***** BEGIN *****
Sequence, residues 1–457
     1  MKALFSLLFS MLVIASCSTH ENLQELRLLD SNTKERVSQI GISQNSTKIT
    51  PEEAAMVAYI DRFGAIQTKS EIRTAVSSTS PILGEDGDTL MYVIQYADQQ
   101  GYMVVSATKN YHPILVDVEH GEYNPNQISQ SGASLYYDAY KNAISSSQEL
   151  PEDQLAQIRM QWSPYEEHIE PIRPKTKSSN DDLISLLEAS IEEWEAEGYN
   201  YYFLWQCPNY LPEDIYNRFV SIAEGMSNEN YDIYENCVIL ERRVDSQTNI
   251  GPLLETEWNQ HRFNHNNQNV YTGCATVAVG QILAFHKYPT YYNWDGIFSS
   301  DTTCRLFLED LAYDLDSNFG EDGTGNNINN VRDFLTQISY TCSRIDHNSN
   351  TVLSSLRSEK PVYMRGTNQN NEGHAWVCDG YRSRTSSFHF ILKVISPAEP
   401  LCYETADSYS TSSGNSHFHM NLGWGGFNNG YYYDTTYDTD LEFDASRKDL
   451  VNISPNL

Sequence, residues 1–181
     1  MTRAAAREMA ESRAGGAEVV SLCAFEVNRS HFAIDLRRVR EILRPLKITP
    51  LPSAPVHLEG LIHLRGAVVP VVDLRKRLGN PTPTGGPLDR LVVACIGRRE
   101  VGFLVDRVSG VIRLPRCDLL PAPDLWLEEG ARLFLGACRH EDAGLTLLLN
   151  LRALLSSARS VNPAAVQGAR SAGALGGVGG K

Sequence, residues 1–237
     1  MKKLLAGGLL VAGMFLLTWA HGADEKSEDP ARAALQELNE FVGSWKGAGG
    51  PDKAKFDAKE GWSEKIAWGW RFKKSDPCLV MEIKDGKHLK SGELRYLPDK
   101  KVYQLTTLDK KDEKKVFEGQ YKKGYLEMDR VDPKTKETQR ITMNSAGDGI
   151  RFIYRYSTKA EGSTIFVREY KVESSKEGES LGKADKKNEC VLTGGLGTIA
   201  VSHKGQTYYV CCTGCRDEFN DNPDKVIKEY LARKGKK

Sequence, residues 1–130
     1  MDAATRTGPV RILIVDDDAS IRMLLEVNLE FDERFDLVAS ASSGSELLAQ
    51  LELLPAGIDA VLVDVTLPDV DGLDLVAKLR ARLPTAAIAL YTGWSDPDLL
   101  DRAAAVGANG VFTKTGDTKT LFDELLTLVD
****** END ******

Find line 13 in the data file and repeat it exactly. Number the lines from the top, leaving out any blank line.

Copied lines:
     1  MTRAAAREMA ESRAGGAEVV SLCAFEVNRS HFAIDLRRVR EILRPLKITP